Wyze, a startup active in the field of security cameras, has confirmed that some personal data of millions of users – more than 2.4 according to the first estimates – were leaked online. A similar case (but in some ways less serious, for the type of data disclosed) compared to what it has interested a few days ago the cameras, the Ring of Amazon.
The information exposed in the network do not include password or financial information, but mainly:
- E-mail addresses
- Nickname of the cameras
- The SSID of the WIFi networks
- Some personal information about 140 users who are carrying out the program of beta testing of some devices:
- Height, weight, and gender
- A small number of token relating to the integration with Alexa.
The above-mentioned information, were exposed over the network from the 4 to the 26 of December last, because of a problem during transfer operations to a new database, created to make easier the execution of the query. According to the results of the first investigations of the incident, an employee from the company would have applied the security protocols necessary to prevent the spread of the data. To reconstruct the exact dynamics may still take some time: we are still reviewing the event to understand how and why it happened.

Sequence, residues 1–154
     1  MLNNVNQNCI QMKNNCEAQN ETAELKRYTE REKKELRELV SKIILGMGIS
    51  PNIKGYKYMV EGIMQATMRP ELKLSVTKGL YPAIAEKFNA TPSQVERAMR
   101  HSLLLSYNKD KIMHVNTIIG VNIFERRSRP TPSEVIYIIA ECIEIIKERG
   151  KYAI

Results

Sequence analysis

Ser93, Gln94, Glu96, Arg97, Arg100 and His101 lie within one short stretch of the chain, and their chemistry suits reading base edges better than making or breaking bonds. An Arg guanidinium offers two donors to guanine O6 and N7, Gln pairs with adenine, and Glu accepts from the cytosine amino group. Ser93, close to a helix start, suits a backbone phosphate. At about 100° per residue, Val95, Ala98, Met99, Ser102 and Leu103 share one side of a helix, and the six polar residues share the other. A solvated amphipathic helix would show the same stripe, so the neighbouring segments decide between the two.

The main risk that they run users Wyze is the possibility that third parties may have access to the email address and use it in the context of spam campaigns or phishing attempts. As a precaution, in addition, the managers of the service have disconnected all users from your account in order to generate new access token (there is, however, evidence that the previous token has been used improperly by third parties): you will need to log in again and reset any integrations with Alexa, Google Assistant and IFTTT.
After the incident, Wyze has added an additional level of protection to the system database and, as a precaution, has invited users to change password and activate two-factor authentication.
Security cameras Wyze, also commercialized in the Italian market, are the products fairly inexpensive, but the company rejects the idea that they are less secure, just because it is less expensive than competing devices. At the same time, the startup admits the need to review security protocols are up to now used:
We often hear people saying “you Pay for what you have”, starting from the assumption that the products Wyze are less secure because they are less expensive. It is not true. We have always taken very seriously the security and we are sad to disappoint our users in this way. This is a clear signal that we need to completely review the security guidelines, more effectively communicate these protocols to employees, and to increase the security measures available to users beyond the two-factor authentication.